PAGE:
Cisco Systems has released its annual Cybersecurity Report which shows that spam email volume has increased once again. 65% of all emails sent are now spam, and Cisco reports that one fifth of those emails are malicious and contain malware-infected attachments or links to websites containing exploit kits and adware.
The report shows there was a massive spike in spam email volume in 2016, with many of those emails sent using the Necurs botnet. The Necurs botnet grew by around 200,000 IP addresses in June over just a couple of hours, and the botnet has continued to grow throughout the year. In addition to a spike in spam email, the Necurs botnet is also extensively used to spread malware such as the Dridex Trojan and ransomware variants including Locky.
There has been a marked change in spam email in recent years. Rather than spam being sent to increase traffic to websites to generate more sales, spam is now used much more frequently to spread malware and ransomware. Spam email is now becoming a commercial business, says Cisco Systems VP Steve Martino.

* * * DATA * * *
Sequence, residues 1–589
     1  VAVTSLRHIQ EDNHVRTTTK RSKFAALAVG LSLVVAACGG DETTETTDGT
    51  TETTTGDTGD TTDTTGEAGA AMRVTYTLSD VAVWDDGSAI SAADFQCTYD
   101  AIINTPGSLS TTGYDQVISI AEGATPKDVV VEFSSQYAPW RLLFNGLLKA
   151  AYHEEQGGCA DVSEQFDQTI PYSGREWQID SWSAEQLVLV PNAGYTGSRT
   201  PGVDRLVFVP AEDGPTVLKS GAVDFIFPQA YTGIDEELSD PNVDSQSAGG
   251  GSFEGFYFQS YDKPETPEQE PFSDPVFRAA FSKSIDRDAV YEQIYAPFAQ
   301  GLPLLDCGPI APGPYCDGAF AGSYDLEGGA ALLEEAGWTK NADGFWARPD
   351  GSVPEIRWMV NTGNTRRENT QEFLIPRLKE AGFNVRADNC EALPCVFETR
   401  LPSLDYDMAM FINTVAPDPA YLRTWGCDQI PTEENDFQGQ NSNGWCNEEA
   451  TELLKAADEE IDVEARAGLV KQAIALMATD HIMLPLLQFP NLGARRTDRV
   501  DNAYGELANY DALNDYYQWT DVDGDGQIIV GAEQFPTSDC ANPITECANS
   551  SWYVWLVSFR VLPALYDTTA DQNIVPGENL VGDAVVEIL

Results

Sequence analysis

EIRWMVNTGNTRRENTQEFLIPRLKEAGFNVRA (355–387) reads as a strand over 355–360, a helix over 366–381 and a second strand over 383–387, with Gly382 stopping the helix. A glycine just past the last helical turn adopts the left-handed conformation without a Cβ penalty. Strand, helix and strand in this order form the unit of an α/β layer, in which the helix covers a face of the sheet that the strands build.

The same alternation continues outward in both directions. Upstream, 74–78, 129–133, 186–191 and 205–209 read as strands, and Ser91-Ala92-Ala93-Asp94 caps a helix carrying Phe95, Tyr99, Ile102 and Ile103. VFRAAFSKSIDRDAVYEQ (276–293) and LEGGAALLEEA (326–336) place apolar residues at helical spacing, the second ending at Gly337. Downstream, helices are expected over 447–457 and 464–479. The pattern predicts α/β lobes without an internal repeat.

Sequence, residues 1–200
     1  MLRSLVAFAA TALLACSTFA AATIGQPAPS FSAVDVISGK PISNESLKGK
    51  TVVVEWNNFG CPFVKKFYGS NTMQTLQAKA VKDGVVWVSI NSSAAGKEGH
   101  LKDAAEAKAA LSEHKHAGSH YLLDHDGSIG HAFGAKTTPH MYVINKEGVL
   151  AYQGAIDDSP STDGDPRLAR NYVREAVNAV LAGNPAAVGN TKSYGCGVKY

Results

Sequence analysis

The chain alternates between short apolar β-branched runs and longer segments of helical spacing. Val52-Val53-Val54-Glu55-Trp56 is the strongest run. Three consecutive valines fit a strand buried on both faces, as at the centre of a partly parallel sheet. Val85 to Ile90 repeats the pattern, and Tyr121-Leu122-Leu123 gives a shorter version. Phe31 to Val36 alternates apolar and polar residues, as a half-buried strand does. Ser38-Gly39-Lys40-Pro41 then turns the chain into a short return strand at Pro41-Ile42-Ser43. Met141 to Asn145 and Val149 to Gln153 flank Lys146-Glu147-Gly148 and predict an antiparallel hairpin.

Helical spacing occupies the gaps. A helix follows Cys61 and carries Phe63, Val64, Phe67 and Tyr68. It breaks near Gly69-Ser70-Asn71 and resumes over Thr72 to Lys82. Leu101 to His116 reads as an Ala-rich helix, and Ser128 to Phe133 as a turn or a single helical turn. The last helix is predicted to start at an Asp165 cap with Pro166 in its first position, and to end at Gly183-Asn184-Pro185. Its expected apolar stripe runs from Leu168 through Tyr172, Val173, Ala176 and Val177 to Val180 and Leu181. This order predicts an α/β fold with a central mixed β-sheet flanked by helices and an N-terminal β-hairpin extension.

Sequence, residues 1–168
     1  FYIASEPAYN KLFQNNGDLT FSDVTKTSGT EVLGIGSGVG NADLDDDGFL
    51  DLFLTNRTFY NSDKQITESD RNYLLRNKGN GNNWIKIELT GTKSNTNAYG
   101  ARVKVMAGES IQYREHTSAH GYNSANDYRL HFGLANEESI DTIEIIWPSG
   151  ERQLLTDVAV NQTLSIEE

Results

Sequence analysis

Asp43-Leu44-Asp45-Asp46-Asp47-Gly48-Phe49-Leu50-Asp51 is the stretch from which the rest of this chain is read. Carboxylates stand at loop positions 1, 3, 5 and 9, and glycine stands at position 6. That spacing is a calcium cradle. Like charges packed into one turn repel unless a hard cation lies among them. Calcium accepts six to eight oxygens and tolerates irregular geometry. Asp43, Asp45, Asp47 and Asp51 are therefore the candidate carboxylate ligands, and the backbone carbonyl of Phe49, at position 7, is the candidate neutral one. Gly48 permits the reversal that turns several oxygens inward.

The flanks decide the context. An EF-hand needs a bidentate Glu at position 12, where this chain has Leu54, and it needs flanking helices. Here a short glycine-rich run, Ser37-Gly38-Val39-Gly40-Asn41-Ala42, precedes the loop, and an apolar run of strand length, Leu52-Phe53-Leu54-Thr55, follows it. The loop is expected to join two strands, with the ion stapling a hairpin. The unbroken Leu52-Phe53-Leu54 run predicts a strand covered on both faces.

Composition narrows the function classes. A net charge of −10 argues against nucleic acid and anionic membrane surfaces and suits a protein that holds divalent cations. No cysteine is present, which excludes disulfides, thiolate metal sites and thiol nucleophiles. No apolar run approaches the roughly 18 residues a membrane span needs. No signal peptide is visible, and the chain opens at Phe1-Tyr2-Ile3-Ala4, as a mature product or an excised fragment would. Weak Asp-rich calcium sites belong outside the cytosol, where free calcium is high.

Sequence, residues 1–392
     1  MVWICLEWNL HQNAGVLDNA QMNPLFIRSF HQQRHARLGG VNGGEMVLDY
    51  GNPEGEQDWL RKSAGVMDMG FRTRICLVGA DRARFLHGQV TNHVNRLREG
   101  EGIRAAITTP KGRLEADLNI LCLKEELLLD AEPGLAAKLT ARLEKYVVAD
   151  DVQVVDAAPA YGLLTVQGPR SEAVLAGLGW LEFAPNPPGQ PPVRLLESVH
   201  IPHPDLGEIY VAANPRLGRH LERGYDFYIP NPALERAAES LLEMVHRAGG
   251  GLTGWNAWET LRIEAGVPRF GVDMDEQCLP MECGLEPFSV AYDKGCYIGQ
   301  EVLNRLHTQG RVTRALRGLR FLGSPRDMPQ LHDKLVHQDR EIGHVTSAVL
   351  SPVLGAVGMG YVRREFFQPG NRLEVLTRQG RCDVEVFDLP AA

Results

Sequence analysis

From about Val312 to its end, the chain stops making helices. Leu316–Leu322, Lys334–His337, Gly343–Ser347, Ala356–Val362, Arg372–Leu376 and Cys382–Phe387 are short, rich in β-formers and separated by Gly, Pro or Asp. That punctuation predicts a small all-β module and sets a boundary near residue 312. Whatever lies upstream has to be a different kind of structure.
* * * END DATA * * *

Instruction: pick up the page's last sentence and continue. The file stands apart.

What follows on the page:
Just as the explosion in the use of ransomware can – in part – be attributed to the development of ransomware-as-a-service, the same can be said of spam email. Tools have been developed that allow anyone to build and conduct spam email campaigns without the need for any knowledge or technical skill. This spam-as-a-service model has seen many more players start conducting email spam campaigns over the course of the past 12 months.
In recent years, there has been a dip in spam email volume; however, email spam has spiked again and is now at a level not seen since 2010. The fall in spam email volume is due to takedowns of spam botnets and the arrests of some of the biggest spammers. However, Spam is back in a big way.
Fortunately, inboxes are being kept relatively clear due to advanced spam filters developed by email and third party antispam solution providers. However, cybnercriminals are getting better at developing new techniques to evade these technologies, which places businesses at a higher risk of being infected with adware, ransomware, or other malware.
Cisco reports that during 2016, more than 75% of organizations were infected with Adware. 80 adware variants have been discovered to have been installed at 130 organizations. The adware variants were capable of many malicious activities such as malware downloads in addition to the injection of adverts.